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How HR can support Afghans integrating into the workforce

Jina Krause-Vilmar
Jina Krause-Vilmar is the CEO and president of Upwardly Global, a national nonprofit whose mission is to eliminate employment barriers for immigrant and refugee professionals and advance the inclusion of their skills into the U.S. economy.

Recently, the Biden Administration estimated that about 65,000 Afghans would arrive in the U.S. by the end of September, with another 30,000 expected over the next 12 months after U.S. military forces withdrew from Afghanistan over the summer.

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With a refugee resettlement system in the U.S. trying to catch up with these refugees’ needs, and few resources for immigrant career preparation, Afghan immigrants and refugees face untold challenges in restarting their lives and careers in the U.S. Many individuals bring a cache of desirable skill sets and professional credentials, but more action must be taken by employers and their HR departments to integrate professionally trained and licensed refugees and foster a more inclusive workforce.

Untapped Potential

Who are these individuals and what types of experiences do they have? Many Afghans bring international credentials, high levels of English proficiency and experience supporting the U.S. military and allies. In 2021, there are as many as 5.5 million open jobs in cities in which Upwardly Global–a nonprofit that helps immigrants and refugees resettle–has operations alone, many within sectors like healthcare, technology and engineering; these are areas that Afghans, and other immigrant groups, have immense and invaluable expertise in.

Historically, internationally trained professionals (ITPs) face barriers throughout the job search process, from recruitment and interviewing to onboarding and advancement. Despite having the impressive skills and work experiences that employers desire, ITPs are often overlooked due to language biases, misunderstandings of international degrees and credentials, the accessibility of relicensing processes and the availability of professional networks, among other challenges. And as a result, nearly 2 million immigrants with college degrees are unemployed or are working low-skilled jobs, according to the Migration Policy Institute.

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Resumes, for example, can often be overlooked by automated systems that don’t recognize international credentials and experience or intentionally disregarded and misunderstood by hiring leaders as having no value. A frequent experience we hear among our immigrant and refugee professionals is that their applications and inquiries for employment go unnoticed or unanswered.

Many newcomers also lack professional networks, which can stymie their professional advancement; in fact, 85% of jobs are secured through social networks, and “word of mouth” referrals are common practice. This also can be a challenge during the application submission and interview processes when an employer asks for professional references.

Moreover, the cultural norms and mechanisms in U.S. workplaces, like the use of eye contact or strategies of “storytelling” and self-promotion, coupled with language barriers and accents and the inability to identify tone during the interview process, can lead employers to falsely assume that candidates lack confidence, assertiveness or even employment readiness.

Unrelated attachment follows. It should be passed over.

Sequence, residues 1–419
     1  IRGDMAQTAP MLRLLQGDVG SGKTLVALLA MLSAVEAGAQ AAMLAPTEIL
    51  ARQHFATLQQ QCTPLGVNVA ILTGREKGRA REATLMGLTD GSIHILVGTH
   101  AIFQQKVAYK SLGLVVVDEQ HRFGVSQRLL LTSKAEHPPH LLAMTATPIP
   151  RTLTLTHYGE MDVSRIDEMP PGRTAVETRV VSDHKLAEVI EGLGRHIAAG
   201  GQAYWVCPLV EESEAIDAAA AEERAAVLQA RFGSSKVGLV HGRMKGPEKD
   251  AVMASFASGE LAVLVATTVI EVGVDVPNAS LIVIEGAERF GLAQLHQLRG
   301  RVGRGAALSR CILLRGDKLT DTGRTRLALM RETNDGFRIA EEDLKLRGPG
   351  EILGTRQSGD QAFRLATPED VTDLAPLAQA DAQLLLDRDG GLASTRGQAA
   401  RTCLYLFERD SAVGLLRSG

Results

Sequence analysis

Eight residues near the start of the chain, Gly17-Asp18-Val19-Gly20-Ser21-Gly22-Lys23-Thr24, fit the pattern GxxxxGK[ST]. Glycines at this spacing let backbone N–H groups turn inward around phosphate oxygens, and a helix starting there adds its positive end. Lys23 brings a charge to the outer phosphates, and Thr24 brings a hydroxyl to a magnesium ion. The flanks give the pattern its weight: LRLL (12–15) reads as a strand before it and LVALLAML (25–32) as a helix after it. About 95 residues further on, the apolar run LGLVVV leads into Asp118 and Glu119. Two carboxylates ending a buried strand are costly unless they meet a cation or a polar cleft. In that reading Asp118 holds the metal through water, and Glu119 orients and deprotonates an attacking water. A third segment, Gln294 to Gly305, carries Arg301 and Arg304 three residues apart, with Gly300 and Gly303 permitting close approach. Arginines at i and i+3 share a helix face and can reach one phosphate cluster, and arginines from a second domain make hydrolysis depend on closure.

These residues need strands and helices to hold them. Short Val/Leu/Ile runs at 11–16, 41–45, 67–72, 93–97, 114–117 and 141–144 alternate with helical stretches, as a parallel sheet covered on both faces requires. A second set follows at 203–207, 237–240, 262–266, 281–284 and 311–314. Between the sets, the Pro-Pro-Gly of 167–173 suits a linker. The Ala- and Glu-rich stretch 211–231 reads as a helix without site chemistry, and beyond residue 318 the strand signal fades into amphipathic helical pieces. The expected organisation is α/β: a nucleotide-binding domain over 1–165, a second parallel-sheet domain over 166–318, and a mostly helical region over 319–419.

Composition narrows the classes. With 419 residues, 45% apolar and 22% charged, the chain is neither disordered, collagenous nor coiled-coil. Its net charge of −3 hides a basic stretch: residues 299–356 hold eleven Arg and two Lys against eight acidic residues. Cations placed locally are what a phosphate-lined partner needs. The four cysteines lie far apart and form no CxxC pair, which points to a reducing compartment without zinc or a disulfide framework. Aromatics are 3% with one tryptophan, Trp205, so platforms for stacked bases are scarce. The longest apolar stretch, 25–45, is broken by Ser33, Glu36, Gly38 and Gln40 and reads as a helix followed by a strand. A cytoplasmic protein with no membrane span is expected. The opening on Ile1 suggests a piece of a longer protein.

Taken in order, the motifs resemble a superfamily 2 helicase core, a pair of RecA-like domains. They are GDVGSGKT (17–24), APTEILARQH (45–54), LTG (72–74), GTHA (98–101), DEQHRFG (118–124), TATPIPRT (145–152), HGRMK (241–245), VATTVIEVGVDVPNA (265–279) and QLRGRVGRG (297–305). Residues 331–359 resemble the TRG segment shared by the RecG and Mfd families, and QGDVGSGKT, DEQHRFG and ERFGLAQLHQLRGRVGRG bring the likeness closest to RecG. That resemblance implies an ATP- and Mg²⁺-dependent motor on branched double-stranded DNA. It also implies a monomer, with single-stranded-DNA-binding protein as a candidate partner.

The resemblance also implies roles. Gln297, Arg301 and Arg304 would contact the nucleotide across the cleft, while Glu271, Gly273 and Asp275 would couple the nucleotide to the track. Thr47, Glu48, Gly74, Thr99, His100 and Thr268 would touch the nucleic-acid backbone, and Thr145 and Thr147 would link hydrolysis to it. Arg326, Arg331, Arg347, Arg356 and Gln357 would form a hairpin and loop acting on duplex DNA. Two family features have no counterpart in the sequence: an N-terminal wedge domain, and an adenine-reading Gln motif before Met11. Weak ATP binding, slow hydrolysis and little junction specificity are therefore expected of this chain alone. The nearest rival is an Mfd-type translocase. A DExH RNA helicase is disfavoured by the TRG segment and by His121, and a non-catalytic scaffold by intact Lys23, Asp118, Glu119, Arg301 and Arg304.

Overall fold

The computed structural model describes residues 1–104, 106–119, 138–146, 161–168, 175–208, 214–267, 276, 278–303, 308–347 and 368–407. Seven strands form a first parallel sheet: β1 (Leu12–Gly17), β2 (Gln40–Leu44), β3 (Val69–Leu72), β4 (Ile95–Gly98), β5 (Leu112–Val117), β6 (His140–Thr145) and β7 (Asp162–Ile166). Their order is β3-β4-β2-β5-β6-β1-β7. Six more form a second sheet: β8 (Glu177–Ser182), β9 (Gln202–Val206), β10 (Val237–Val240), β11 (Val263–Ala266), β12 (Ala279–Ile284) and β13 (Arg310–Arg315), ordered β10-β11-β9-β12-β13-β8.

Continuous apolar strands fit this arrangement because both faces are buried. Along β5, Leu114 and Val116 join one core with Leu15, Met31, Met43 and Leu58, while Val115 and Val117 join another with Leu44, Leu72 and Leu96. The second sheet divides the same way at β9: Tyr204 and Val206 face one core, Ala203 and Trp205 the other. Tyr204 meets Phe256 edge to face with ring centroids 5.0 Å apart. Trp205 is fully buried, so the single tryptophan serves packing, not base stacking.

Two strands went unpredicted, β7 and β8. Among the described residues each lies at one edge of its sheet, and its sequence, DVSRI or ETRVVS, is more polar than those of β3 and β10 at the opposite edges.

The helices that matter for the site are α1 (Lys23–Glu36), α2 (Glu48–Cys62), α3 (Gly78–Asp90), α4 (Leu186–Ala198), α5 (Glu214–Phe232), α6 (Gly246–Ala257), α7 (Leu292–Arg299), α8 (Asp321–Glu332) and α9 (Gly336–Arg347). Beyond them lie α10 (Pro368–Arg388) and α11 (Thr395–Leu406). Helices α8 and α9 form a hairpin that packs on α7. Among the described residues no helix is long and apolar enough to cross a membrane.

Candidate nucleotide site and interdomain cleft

How Employers and Their HR Departments Help

By creating employment opportunities for our Afghan allies, and other immigrants and refugees who face similar setbacks, the workforce can play a vital role in addressing current labor shortages and contributing to a more inclusive economy. And while seemingly innocuous processes–like online application systems that don’t cater to international applicants–can discourage job seekers, they also present opportunities for employers and their HR departments to reevaluate outdated hiring systems and overcome biases to scout for non-traditional talent. This can include spearheading special hiring initiatives or processes such as paid job shadowing and returnships and apprenticeships, as well as offering special assistance for Afghan refugees/those with Special Immigrant Visas in their hiring process. Partnering with workforce development nonprofits that can support these processes–providing training for hiring managers and facilitating introductions and additional job seeker preparation–is a critical way to help bridge these gaps.

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Companies can also support government policy that invests in our diverse workforce, underwrites teaching professional English language skills, and supports retraining and credentialing processes. Policy change at the state level is also critical to licensing reform, including in high-need fields such as healthcare, in order to tap into the 165,000-plus internationally trained healthcare professionals who are currently on the sidelines.

Successful and sustainable diversity, equity and inclusion programs within organizations, however, should go beyond hiring diverse candidates–it must be seen at all levels. There is a common tendency to view inclusion and diversity as the responsibility of HR departments or specialist teams, but integration should extend to the management levels. Employers can also provide organization-wide training on enhancing immigrant hiring and fostering a more inclusive workplace.

A committed employer and determined HR team, coupled with U.S. jobs skills training and support programs, can pave the way for Afghan refugees and other immigrant groups to restart their lives.


Click here for more resources on how employers can lead integration in the workforce.